Gun Violence In Toronto: Inspiring a Cultural Shift Towards Prevention - Samuel Centre For Social Connectedness — Samuel Centre For Social Connectedness
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Gun Violence In Toronto: Inspiring a Cultural Shift Towards Prevention

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Articles
September 23, 2021

Devika Parsaud is a 2021 Social Connectedness Fellow working with the City of Toronto. She graduated from York University’s School of Health Policy and Management with a Masters in Health specializing in Health Policy and Equity, and holds an Honours Bachelor of Arts degree in Sociology and Health Studies from the University of Toronto. She grew up in Toronto and is passionate about the social determinants of health and public policy. She has goals of exploring social injustices and being a part of interventions and change for a more equitable healthy society.

This is the second article in a two-part series outlining the issue of gun violence in Toronto. The first article discusses the role of trauma in community violence and highlights a pathway to becoming a trauma-informed city.  While this article focuses on moving from a culture of response to a culture of prevention and features case studies as models that Toronto can use in its implementation strategy of SafeTO, the city’s Community Safety and Wellbeing Plan. 

The year 2005 was coined the ‘Summer of the Gun’ in Toronto, as the number of gun-related homicides reached a record level of 52 murders with a wave of shootings occurring in the summer months. Today, in 2021, gun violence continues to plague Toronto neighbourhoods and communities, with 232 shootings and firearm discharges, and 21 deaths, just 7 months into the year.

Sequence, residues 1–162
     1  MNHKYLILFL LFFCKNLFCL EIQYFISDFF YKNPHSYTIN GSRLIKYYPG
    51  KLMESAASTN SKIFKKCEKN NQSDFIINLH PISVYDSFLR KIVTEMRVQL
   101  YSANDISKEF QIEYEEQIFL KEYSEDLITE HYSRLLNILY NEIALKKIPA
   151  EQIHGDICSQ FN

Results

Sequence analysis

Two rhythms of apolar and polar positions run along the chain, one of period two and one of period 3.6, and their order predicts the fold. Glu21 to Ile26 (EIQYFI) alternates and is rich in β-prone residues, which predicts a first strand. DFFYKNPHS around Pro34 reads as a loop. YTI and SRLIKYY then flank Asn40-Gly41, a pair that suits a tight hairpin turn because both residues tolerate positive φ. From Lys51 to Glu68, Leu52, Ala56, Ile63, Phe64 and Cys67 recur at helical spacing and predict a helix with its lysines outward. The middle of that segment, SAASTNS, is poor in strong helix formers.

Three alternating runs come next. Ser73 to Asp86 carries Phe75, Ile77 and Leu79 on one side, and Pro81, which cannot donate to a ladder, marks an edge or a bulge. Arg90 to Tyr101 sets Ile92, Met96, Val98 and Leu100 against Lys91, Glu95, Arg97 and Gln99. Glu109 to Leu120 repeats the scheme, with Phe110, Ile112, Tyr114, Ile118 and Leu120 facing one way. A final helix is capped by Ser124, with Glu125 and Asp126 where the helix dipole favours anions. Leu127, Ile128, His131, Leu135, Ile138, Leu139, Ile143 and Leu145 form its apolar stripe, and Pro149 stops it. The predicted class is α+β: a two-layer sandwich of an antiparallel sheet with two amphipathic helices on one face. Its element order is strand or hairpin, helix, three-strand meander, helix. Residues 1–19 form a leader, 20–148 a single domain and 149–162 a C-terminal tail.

Gun violence is not just a community-specific issue. It affects all members of society, not just those directly impacted. Studies have shown “a range of negative impacts of community violence such as chronic illnesses, post-traumatic stress, altered activity patterns due to fear, behavioural, emotional and learning problems among children and youth, reduced educational achievement that limit future economic success; and negative effects on the economic well-being of neighbourhoods.”

It is time we shift our attention and move away from the heavy focus on emergency response and a tough-on-crime agenda that is geared towards individualization, criminalization, and over-policing. These agendas are damaging and harmful to communities as it does not tackle the underlying conditions that make communities vulnerable to gun violence in the first place. 

Adopting a public health approach to gun violence allows us to focus on a culture of prevention and social development. This approach collects, monitors and analyzes data on violence in order to develop coordinated evidence-based policy, practices, and program solutions with various sectors and community members. In focusing on addressing the elements that lead to gun violence before such incidents occur, versus after the fact, the utilization of a public health approach can address gun violence at the root of the issue. Ultimately, this approach can save lives. 

This also means addressing the systemic root causes such as socioeconomics and poverty, systemic racism and violence, and trans-generational trauma and aggression that place communities and individuals in environments that make them vulnerable and susceptible to violence. 

Reducing gun violence requires an investment in and empowerment of communities, which can include measures that reduce economic inequality and poverty. Adopting a culture of violence prevention can also include the creation of inclusive spaces with supports and resources that are culturally sensitive. This is in addition to supporting healthy child development through parenting supports, and quality early childhood education and programs, to ensure a broad range of age groups can have their needs met. Lastly, it is important to move towards becoming a trauma-informed city to understand the ways structures have created and perpetuated inequities and exposure to violence.